Song, by Toad


No Hope For Men Below

Above is a trailer for a documentary by Adam Stafford, a gentleman you may know as the latest signing to Song, by Toad Records.  The documentary is about the Redding Pit mining disaster, which happened in 1923, near Falkirk.  The actual making of the film has been funded, and Adam is now looking to raise £1200 via Kickstarter for distribution, festival submissions and so on and so forth – assistance to actually get the film out there, basically.

It looks a tad on the harrowing side, but a hugely worthwhile project, so I thought I should bring it to your attention in case you felt like supporting the shit out of the arts today.

It also leads me to a rather odd tangent, which is the only example I can think of of the Bee Gees being good.  This song is called New York Mining Disaster 1941 and not only is it the only recorded example of the Bee Gees themselves not being shit, there is even a really good cover of it by… guess who? Yep, the fucking Levellers.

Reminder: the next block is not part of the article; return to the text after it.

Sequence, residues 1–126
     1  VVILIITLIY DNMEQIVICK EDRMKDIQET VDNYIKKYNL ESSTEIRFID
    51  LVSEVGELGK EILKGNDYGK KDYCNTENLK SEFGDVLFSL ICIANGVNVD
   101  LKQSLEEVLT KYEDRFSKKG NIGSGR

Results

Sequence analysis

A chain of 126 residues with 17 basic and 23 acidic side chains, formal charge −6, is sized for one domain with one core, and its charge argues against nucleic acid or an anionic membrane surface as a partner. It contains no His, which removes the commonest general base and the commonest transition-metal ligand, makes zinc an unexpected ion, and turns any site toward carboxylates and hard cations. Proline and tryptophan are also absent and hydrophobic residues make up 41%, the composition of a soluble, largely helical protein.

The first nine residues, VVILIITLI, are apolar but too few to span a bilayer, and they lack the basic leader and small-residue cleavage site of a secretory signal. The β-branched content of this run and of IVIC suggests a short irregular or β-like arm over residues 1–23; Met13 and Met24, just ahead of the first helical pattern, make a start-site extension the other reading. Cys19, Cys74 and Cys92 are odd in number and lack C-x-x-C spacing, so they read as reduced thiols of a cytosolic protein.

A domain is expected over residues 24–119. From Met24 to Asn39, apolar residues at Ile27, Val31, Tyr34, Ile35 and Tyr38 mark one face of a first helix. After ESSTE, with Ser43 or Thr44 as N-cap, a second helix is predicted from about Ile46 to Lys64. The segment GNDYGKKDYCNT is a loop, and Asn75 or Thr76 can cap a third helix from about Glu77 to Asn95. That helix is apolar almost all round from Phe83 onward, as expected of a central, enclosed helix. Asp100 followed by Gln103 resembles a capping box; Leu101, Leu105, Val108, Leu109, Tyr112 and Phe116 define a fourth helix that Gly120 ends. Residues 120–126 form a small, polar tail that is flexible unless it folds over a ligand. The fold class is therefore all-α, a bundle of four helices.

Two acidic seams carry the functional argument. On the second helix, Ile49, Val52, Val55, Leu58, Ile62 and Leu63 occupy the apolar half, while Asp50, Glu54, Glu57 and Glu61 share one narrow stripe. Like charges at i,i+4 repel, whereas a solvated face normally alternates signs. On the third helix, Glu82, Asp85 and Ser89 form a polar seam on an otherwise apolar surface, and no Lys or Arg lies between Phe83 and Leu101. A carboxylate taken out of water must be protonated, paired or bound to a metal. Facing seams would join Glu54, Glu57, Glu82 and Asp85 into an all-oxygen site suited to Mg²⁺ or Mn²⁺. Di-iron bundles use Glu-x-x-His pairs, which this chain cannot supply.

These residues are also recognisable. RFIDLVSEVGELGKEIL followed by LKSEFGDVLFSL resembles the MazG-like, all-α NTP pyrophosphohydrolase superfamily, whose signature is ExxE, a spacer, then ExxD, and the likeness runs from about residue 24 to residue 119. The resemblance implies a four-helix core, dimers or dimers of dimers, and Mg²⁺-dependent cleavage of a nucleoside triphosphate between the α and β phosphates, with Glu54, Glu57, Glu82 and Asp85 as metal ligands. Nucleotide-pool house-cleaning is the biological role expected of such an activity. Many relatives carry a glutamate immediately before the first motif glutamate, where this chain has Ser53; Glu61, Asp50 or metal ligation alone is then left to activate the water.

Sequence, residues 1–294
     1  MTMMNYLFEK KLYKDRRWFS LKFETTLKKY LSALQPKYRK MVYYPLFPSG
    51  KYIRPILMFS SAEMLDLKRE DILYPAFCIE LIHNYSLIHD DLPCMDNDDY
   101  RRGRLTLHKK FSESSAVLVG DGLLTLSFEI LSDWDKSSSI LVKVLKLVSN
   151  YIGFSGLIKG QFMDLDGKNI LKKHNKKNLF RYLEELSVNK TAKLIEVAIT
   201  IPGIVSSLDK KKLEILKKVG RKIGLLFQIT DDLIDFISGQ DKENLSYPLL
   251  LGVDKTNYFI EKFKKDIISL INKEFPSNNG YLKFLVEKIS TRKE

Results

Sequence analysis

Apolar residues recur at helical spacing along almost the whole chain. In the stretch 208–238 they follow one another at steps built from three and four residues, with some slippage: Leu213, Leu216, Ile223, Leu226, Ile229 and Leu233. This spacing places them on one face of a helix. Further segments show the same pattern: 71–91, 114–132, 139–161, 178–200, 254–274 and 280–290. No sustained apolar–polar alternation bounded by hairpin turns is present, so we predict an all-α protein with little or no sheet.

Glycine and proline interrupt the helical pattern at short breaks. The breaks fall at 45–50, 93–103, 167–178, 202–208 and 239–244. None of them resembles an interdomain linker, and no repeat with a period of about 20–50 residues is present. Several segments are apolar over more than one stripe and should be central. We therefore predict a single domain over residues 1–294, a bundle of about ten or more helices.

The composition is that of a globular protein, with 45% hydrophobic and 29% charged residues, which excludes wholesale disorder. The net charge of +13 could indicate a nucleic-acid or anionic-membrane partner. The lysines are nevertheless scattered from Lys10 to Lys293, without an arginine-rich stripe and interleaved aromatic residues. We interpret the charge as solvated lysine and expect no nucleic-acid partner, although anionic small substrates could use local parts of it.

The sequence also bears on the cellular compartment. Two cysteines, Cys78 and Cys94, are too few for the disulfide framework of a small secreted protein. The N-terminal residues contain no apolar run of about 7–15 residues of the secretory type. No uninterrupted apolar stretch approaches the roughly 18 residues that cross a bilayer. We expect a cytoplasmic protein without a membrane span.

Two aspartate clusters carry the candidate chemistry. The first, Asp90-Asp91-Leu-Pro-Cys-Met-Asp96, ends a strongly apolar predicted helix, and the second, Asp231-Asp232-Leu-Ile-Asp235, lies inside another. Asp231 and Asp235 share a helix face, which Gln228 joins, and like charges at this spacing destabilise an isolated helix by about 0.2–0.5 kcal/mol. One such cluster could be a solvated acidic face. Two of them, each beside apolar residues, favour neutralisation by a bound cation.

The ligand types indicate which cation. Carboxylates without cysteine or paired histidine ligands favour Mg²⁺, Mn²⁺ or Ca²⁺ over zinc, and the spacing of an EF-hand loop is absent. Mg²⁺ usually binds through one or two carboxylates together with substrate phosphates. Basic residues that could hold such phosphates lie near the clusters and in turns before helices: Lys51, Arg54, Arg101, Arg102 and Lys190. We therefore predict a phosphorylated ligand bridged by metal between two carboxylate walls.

3 witty ripostes to No Hope For Men Below

  1. avatar

    Another version of this amazing song, this time by Martin Carthy. Thanks to Leo on Twitter for the tip-off.

  2. avatar
    Tim London

    Matthew if you cannot see the beauty and glory of Stayin’ Alive and Jive Talkin’ (not sure about the apostrophes, but they feel right) then it’s simply a matter of adjusting your tapometer. Raise it a little and you will feel movement in your (probably) upper body. A little more and your legs will start to twitch. Take it to number seven and your groin will send you messages (this is not as painful as it sounds). Shortly after this you will understand.

  3. avatar

    Are you talking about tap-dancing?

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